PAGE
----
Louise Erdrich is a masterful writer. If you haven’t read any (or many) of her works, you are missing out. In the first sections of The Master Butchers Singing Club, I thought I knew the plot. (I don’t know about you, but I read a lot of books and can often pick out the plot quite early.) Yet, as I continued to read I realized the plot was nothing that I expected, and as usual I was pulled in by the precise and captivating language of Erdrich.
Around every corner loomed another twist and turn. We travel with Fidelis, a stoic German eager to make a life in America with his suitcase full of knives and the butchering skills passed down to him from his father. He’s married his best friend’s wife after his death in WWI. Making a new life isn’t easy but Fidelis is determined to succeed. The struggles of his life are both unexpected and enthralling.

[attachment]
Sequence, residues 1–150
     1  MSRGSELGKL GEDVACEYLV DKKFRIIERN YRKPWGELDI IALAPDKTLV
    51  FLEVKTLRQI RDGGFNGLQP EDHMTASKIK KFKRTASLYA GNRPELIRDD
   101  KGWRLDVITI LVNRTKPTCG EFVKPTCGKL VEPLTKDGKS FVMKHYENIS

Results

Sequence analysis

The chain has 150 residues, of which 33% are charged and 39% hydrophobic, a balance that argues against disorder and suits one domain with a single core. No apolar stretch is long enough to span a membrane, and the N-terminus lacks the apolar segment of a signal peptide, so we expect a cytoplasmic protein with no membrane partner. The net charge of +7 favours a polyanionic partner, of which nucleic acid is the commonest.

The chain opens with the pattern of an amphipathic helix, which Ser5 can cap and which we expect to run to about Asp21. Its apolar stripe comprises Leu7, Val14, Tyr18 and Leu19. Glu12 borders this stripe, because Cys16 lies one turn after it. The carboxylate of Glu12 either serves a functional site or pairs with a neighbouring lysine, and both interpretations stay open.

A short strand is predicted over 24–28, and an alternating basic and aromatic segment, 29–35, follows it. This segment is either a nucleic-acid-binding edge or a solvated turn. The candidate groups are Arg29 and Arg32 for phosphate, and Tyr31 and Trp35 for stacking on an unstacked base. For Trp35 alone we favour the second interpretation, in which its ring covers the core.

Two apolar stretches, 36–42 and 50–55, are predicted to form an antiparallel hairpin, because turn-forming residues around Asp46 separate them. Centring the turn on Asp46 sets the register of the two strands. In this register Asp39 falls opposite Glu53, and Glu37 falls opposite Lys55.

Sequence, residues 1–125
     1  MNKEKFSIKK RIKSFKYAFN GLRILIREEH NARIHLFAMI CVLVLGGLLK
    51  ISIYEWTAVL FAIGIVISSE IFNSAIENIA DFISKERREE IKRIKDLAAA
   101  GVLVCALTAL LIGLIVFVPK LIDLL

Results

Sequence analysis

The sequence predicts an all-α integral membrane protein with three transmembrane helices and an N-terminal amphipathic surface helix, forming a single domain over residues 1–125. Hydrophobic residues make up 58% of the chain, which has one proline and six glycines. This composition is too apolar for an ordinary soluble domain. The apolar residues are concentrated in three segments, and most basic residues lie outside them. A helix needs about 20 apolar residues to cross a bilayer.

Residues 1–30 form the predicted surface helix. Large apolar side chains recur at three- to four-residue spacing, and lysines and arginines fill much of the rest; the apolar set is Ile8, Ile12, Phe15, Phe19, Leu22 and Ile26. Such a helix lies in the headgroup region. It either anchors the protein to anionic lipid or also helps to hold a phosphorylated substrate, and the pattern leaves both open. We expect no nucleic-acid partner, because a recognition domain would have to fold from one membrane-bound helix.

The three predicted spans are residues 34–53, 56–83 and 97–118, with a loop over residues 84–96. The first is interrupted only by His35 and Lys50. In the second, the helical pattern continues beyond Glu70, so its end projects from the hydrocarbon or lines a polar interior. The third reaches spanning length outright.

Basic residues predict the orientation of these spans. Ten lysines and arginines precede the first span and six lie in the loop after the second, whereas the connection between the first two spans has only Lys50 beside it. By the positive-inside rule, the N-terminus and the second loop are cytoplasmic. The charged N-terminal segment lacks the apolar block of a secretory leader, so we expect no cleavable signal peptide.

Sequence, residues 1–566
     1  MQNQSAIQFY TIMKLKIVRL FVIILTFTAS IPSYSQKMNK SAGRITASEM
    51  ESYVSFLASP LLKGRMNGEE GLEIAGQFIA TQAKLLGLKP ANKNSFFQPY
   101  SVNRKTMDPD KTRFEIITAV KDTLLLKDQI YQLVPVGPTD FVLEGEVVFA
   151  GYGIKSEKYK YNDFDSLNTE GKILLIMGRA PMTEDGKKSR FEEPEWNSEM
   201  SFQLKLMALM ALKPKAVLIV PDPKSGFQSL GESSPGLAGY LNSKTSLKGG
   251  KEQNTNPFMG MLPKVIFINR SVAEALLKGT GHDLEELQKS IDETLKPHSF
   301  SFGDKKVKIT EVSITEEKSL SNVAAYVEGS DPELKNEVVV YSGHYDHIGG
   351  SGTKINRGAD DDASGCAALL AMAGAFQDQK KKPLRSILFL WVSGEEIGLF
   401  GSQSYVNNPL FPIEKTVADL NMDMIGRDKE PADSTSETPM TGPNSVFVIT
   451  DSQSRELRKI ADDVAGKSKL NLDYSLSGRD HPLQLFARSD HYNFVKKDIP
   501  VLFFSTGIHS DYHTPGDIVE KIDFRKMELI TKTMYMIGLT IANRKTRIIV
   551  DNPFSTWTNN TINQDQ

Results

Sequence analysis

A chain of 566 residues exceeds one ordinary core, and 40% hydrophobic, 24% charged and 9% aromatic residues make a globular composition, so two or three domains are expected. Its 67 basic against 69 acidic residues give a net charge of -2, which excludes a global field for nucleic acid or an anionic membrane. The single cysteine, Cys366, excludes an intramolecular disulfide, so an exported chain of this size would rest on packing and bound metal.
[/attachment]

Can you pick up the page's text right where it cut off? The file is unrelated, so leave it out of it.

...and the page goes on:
From there, we are swept away by Delphine—a woman desperate to leave her hometown but pulled reluctantly back to care for her alcoholic father. Delphine brings her lover–a man she suspects may be more attracted to men than women. She befriends Eva, the wife of Fidelis, and is drawn into their life. The friendship that blossoms endures through tragedy and death.
This is the kind of book you can’t put down once you’re in it. You will be thinking about these characters long after you’ve finished the book. Erdrich explores so many aspects of love in these relationships—its complications, duty, forcefulness, and haunting qualities—you can’t help but to leave this book without thinking about your own relationships. I highly recommend this book.